Eskom pleads for tariff increase to avoid debt cliff
Daiyaan Halim, Field Editor
South Africa’s National Energy Regulator (NERSA) commenced nationwide public hearings on Monday into state-owned Eskom’s request for a 45 percent increase in electricity tariffs spread over three years, with the first 15 percent increase to be implemented in 2019.
If granted, the increase will be over and above the 4.41 percent hike already granted to the power utility in 2018, which will come into effect this year.
The regulator, which sets prices and tariffs for Eskom, will receive input from the public, and civil society over the next three weeks to determine what the utility can charge for electricity in future.
On the first day of the hearings, Eskom CEO Phakamani Hadebe, argued in favour of the tariff increase, warning that the power utility is on the brink of a debt trap. According to the CEO, the utility’s debt has increased from R35 billion in 2007 to R419 billion to date.
Eskom’s CFO, Calib Cassim, echoed Hadebe’s concerns, explaining that the utility cannot afford to meet its debt commitments and that it is unable to secure long term loans.
“Most financial ratios have deteriorated and are expected to worsen further towards year-end. Our year-end projections are literally sitting at half.”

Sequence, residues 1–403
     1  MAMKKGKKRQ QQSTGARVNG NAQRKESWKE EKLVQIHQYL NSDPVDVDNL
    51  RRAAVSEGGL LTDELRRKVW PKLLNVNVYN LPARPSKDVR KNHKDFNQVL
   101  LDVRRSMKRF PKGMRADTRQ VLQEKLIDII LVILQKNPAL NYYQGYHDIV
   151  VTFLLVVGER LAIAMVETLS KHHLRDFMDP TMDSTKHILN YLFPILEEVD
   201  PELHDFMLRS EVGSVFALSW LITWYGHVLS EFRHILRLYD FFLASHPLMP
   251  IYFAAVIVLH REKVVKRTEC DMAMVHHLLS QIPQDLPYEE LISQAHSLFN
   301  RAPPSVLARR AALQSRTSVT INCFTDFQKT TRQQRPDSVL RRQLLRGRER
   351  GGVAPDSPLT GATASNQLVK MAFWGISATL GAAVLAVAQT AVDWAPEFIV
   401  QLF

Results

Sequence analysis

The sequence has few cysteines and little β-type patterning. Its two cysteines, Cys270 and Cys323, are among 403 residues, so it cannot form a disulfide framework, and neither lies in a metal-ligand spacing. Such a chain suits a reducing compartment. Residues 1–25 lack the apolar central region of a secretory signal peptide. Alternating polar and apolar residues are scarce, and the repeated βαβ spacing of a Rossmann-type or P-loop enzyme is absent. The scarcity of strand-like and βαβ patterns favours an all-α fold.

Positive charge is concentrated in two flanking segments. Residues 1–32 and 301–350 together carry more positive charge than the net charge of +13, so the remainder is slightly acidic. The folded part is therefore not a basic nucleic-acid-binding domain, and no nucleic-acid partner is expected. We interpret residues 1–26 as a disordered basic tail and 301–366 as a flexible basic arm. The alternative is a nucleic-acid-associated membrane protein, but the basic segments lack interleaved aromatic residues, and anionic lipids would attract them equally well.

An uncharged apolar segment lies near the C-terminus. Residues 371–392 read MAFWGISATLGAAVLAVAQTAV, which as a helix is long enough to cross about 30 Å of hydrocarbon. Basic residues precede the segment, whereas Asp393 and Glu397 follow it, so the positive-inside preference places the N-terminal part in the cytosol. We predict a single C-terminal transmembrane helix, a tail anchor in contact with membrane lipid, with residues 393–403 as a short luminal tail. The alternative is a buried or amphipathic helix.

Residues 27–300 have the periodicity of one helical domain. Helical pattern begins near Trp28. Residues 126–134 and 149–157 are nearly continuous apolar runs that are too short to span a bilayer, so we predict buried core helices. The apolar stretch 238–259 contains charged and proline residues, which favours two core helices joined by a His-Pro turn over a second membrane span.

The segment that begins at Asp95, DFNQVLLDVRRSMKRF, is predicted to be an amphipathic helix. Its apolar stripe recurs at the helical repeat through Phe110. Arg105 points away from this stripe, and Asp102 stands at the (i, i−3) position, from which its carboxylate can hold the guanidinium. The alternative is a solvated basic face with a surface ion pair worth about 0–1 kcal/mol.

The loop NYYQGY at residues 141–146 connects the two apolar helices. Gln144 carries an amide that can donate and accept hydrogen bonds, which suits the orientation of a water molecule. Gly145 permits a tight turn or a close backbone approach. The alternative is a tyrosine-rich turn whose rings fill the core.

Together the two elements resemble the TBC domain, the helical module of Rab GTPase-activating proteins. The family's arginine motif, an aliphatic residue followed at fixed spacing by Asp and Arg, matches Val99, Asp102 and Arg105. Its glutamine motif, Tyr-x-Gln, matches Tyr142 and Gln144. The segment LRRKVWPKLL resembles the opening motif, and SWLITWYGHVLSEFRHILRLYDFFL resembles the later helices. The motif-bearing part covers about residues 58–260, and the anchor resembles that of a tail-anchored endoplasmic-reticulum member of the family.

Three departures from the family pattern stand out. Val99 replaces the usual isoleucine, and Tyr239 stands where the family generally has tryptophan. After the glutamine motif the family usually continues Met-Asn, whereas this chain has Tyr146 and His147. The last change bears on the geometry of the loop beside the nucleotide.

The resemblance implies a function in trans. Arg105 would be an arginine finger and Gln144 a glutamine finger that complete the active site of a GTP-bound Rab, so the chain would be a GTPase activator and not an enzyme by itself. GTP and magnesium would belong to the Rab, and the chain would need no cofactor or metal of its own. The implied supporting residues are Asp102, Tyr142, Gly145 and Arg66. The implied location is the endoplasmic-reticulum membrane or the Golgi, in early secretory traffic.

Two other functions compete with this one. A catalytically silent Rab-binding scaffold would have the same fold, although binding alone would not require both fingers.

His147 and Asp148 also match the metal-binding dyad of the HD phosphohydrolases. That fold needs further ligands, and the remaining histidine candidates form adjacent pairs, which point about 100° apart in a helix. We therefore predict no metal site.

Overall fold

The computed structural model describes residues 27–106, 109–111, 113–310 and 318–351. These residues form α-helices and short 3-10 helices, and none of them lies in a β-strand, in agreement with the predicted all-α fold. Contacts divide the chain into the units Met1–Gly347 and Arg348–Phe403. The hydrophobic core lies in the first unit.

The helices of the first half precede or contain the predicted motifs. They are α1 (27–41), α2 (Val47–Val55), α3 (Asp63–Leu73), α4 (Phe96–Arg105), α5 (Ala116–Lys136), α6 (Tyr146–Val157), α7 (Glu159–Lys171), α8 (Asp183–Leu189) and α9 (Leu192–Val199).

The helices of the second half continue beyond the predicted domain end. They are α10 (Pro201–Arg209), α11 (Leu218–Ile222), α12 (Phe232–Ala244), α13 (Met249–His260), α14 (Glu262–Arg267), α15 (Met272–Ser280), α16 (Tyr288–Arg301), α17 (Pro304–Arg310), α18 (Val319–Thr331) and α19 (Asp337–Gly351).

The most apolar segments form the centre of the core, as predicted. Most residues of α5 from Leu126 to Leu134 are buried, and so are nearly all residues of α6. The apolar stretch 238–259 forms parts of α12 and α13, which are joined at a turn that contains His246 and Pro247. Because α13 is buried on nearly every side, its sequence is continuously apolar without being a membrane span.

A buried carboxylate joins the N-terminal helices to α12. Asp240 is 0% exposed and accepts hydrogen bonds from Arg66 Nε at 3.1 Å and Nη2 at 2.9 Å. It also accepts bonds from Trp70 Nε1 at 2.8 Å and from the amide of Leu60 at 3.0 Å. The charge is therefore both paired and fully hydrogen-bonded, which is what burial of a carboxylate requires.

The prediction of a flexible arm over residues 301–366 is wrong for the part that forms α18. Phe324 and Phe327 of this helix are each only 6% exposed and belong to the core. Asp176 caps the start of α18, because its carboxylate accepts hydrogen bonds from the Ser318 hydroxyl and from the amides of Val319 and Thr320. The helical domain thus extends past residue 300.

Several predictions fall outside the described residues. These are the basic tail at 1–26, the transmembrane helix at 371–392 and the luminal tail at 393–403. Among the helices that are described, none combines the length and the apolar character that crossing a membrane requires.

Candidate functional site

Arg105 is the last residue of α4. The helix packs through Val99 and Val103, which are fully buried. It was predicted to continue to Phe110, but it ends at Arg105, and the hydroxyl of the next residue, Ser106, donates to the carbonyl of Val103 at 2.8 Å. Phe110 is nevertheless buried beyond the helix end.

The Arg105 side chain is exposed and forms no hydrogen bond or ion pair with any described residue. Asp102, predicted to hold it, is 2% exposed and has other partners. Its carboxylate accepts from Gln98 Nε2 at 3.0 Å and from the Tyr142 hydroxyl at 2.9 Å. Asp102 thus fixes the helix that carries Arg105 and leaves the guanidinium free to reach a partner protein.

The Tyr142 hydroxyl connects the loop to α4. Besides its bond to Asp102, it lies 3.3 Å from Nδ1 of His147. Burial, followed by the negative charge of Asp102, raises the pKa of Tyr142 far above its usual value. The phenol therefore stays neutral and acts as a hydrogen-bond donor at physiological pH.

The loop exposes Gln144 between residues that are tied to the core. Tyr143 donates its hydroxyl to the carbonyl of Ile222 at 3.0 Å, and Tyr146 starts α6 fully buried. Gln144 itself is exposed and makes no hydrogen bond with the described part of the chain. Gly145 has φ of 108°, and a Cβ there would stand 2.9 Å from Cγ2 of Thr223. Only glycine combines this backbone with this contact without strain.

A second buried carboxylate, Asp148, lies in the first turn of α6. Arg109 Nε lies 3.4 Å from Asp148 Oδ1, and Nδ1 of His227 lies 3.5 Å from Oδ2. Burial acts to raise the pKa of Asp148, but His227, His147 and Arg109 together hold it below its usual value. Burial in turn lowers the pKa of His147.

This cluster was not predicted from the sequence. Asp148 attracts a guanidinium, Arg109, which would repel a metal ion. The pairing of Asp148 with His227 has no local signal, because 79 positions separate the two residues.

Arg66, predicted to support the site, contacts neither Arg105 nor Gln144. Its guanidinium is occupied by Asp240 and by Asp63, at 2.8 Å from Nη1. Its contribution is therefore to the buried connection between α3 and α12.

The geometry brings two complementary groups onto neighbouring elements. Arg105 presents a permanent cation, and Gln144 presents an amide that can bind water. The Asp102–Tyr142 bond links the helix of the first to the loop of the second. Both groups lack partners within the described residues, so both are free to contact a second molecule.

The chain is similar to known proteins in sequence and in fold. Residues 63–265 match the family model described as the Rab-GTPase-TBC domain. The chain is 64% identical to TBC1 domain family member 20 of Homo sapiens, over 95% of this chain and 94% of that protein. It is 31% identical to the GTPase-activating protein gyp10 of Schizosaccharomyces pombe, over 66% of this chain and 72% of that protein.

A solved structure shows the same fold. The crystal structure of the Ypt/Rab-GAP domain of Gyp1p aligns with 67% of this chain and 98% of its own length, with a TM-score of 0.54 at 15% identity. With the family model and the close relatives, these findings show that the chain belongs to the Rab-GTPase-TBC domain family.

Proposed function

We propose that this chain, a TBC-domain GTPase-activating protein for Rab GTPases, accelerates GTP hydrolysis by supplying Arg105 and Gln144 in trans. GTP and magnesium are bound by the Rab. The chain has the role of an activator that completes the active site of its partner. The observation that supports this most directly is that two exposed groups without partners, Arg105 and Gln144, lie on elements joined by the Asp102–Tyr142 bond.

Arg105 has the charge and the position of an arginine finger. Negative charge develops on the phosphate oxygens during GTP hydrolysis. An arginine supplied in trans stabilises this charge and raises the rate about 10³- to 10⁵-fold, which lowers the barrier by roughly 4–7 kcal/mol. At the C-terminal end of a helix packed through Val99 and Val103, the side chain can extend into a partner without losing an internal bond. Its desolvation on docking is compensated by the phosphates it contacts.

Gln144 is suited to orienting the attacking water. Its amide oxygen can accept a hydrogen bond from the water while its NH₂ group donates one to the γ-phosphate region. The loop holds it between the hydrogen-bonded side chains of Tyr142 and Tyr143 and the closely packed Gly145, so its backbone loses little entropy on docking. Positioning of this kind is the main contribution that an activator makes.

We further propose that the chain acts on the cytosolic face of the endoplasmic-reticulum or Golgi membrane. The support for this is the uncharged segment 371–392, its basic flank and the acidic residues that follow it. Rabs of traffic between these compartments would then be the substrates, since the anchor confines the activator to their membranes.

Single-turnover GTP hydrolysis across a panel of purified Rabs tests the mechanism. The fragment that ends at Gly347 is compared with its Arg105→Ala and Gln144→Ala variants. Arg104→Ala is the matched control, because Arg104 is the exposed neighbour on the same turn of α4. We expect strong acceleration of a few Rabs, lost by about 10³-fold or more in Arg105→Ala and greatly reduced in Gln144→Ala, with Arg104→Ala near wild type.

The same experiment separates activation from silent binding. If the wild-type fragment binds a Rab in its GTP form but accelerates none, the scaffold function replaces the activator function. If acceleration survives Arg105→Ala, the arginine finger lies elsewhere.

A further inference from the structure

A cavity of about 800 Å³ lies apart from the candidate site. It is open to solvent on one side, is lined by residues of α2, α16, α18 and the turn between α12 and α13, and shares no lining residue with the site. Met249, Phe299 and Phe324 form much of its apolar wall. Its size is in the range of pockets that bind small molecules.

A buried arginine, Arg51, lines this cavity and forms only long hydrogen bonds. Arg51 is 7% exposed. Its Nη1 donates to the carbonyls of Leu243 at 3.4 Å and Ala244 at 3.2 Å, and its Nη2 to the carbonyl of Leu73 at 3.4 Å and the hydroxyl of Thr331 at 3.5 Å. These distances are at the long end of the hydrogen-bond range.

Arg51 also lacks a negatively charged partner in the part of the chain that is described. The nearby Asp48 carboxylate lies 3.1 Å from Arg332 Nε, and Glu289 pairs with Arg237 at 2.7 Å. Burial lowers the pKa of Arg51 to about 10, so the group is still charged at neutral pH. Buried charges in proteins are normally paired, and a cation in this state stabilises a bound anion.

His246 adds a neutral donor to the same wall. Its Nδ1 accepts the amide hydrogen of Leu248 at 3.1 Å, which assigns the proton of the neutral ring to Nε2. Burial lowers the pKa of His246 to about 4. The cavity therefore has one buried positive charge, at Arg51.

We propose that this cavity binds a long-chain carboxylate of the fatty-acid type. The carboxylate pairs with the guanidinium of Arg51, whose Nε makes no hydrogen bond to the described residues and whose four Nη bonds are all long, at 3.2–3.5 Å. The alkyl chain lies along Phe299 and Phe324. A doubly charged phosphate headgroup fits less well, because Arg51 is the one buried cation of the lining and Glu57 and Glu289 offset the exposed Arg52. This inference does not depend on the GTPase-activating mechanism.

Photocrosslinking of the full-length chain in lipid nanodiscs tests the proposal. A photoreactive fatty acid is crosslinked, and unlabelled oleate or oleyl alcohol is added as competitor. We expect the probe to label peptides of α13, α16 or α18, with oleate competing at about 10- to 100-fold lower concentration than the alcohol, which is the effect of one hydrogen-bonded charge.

“Eskom is taking one borrowing to pay for another borrowing. It is like using one credit card to pay for another credit card. That is the position Eskom is finding itself in currently.”
Hadebe apologised to the nation for the challenges faced by Eskom, stating that they were avoidable. He pleaded for the nation to work together to solve them.
“Eskom deserves to apologise. It is compelled to apologise to South Africans for bringing these challenges. They were avoidable. All these challenges, load shedding [rolling blackouts], were built over time. But turning around an institution facing challenges takes time.”
The Organisation Undoing Tax Abuse (OUTA) is among several civil society organisations which will make representations to the panel in response to Eskom’s request. It has argued that NERSA should not allow the increase to exceed Consumer Price Inflation.
The current increase requested, of 52 percent over three-years, is significantly above the South African Reserve Bank’s inflation target of 3 to 6 percent.
Wayne Duvenage, OUTA’s CEO, stated to local media that “We are tired of inefficient state owned entities believing they are able to pass on their massive operating and debt costs to society, when in fact they should be running their operations as innovative world-class entities.”
The South African Local Government Association, which represents municipalities throughout the country, opposes the increase, saying that it will exacerbate debt owed to Eskom and force more customers off the grid. Municipalities, which are responsible for distributing approximately 46 percent of energy to end-users, currently owe the power utility R17 billion.
If granted, the price hike will see electricity costs raised from 89c/kWh to 102c/kWh.